Ramadhan in America: A lesson for everyone
Muhamad Ali, Riverside, California
In a secular nation like the United States, observing religious obligations is recognized because religious freedom is implemented seriously. I have had many experiences concerning religious freedom in the country, but the most recent one is worth reflecting on.
Obviously fasting in America is unlike fasting in Indonesia, where almost everyone joins you in your quest. The University of California at Riverside, where I teach, is one of the most diverse campuses in America. People of Hispanic, Asian, African, Middle Eastern and Caucasian origin are all proud to be American.
In the second week of Ramadhan, the Islamic Center of Riverside hosted a public gathering. The event was specifically organized for Muslims to break the fast, but everyone invited also enjoyed the food and drinks provided, including non-Muslims. Everyone who attended, regardless of their religion or identity, conversed in a friendly and respectful manner, despite the fact they had never met.
A Jewish rabbi shared jokes with the crowd and thanked the leaders of the city's Muslim community for the invitation. He said rabbis should not feel uneasy congratulating Muslims during Ramadhan. He said he hoped there would come a time when people greeted people of other religions without even thinking about it.
Symbolic gestures and greetings, however trivial they may seem, are significant in the creation of an inclusive and respectful social environment. A Catholic said he understood the feelings of Muslims, and that in Northern Ireland terror attacks have also occurred, pointing toward the fact terrorism is not associated with a particular religion.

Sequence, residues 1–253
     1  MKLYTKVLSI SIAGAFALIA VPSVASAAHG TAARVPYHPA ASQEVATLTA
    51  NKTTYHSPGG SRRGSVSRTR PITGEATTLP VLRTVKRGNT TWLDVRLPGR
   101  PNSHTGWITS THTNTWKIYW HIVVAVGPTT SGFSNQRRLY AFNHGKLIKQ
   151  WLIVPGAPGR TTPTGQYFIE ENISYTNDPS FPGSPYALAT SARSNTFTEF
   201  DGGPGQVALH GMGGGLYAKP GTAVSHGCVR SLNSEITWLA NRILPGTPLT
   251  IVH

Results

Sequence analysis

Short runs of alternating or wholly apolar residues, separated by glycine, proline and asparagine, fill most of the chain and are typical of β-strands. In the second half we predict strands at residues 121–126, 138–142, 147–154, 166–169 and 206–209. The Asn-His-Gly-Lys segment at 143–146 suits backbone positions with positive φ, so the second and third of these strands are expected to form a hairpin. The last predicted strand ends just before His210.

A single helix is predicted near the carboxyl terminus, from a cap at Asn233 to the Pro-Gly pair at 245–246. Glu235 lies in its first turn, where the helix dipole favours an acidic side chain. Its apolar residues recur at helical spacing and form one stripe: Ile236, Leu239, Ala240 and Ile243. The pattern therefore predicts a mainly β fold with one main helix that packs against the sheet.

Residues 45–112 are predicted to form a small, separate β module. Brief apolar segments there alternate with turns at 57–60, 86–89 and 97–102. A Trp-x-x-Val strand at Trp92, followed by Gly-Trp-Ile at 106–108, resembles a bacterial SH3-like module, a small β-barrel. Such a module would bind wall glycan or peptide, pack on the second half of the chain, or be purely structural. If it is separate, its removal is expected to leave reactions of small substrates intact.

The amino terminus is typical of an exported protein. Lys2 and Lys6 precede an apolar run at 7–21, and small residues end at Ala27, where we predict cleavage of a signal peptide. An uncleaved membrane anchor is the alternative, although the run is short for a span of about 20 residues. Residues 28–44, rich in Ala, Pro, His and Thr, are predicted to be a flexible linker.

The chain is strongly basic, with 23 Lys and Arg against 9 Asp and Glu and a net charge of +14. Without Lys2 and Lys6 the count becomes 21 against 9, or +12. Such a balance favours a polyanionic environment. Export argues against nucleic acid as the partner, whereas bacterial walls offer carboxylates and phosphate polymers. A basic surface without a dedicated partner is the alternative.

The Sept. 11, 2001, terrorist attack was a turning point for different religious communities in the U.S., during which they were forced to come to terms with differences and prejudices. In a secular country like the U.S., efforts to foster interfaith dialogue and meetings are taken seriously. Muslims and non-Muslims work together to overcome misunderstandings and misperceptions between them.
In a touching speech, UCR Professor June O'Connor, a Catholic and an expert on comparive religious ethics, emphasized the need to go beyond tolerance. One has to show true willingness to know more about others in order to achieve peace and harmony, she said. She invited the audience to strengthen common ethics shared by conflicting religious beliefs.
Another interesting aspect of the gathering was that the city's Islamic community handed out awards to recognize the contributions certain figures had made to the Islamic community and the general public.
The mayor of the city has been a leader in the areas of inclusivism and multiculturalism. He initiated a forum aimed at building a more inclusive Riverside community. In his speech, he said the inclusive community was a type of social capital that could be seen as a great asset.
Having observed this particular event, I have some lessons to share. First, a religious community has to reach out, to embrace inclusiveness and pluralism. No one should express the idea that one religion is superior over others. One should embrace others, seek common values and set aside differences.